INTERVIEW WITH WORLD BANK CHIEF ECONOMIST KAUSHIK BASU
By bappaditya paul
Expressing dismay over the declining standards of higher education in West Bengal, the World Bank’s chief economist Dr Kaushik Basu today said that the state government should not interfere with the autonomy of institutes such as the Presidency and Jadavpur University. The advice comes at a time when several colleges in Bengal are grappling with unrest over student union polls and the students of Jadavpur University have been agitating for months now demanding the resignation of vice-chancellor Abhijit Chakraborti for calling police into the campus. They allege that Mr Chakraborti is a political appointee.
“The politicians must realise that education is a vital sector and they should leave it to the experts to handle. There should be autonomy, which should not be interred with by the government; the government must be kept at a distance,” Dr Basu, who is also the senior vice-president of World Bank, said in an interview. He was in Kolkata for the Infosys Awards 2014 for which he had been a Jury Chair.
Terming the ongoing fiasco at Jadavpur University as “very unfortunate”, he refused to take a stand on the demand for the VC’s resignation or the police foray into the university campus saying he was “not aware of the entire episode”.“West Bengal was once at the forefront of the knowledge sector. Presidency once used to be a globally renowned institute, which it is no longer…After Presidency, Jadavpur used to be the next best institute but overtime things have gone wrong. The nurturing of the best brains that used to be done here have shrunk remarkably. All these have to be rebuilt,” he said.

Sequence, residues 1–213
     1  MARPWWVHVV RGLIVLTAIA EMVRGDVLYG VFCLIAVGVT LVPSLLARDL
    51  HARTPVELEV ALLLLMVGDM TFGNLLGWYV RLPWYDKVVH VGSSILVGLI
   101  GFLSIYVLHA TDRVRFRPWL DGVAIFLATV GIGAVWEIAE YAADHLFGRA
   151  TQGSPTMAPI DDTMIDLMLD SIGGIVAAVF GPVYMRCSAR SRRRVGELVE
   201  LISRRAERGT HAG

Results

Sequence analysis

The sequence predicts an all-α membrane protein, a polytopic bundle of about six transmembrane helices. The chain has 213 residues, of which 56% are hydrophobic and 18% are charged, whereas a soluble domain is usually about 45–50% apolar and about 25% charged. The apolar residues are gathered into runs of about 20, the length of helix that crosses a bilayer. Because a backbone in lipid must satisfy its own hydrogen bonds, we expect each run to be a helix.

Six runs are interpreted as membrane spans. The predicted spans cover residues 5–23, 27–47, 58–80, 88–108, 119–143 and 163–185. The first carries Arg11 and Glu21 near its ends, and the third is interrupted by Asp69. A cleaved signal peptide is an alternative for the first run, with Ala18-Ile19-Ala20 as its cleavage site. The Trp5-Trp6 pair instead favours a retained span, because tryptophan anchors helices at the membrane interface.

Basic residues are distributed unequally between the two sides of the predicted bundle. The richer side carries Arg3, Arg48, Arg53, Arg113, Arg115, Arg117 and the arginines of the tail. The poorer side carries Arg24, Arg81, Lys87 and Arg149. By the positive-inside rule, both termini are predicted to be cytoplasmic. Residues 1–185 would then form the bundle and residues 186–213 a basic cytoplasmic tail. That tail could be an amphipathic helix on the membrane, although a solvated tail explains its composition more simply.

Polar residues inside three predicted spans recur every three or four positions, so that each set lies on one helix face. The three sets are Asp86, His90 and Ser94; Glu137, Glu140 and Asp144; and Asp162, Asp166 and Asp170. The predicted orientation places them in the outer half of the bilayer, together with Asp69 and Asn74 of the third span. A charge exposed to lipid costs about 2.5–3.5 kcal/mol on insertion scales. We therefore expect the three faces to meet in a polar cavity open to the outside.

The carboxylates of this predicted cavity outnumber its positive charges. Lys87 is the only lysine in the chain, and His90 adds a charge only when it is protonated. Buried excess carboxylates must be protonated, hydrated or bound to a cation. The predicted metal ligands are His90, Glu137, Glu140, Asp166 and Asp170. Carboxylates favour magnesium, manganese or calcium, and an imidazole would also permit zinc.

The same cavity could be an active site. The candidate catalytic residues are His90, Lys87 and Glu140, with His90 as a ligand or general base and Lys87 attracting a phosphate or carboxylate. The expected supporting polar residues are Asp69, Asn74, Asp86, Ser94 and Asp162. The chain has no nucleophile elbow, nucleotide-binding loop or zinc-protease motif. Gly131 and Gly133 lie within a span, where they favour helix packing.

Saying that the erstwhile Left Front government’s policy of sending teachers from Presidency to the districts was partly responsible for the decline as that made talented minds leave the state; Dr Basu made it clear that the new dispensation had also failed to take the right course.
“Institutes like Presidency and Jadavpur must have the full autonomy in terms of appointments and designing their syllabus. In order to draw and retain the best brains there should be no cap on the salary of their teachers,” said the 62-year old economist, who was the chief economic advisor to the government of India until July 2012. He maintained that the “elitist nature” of Presidency and Jadavpur University must be retained to enable them regain their lost glory. “I am talking about intellectual elitism and not financial elitism.”
Dr Basu pointed out that while in the short run economic polices, GDP growth etc were important, in the long run it is the human capital that would matter most. “Nurturing and incentivising the best minds are the key to lasting progress.
(The author is on the staff of The Statesman, India. This is an elaborate and modified version of the news report that first appeared in The Statesman on 6 January 2015.)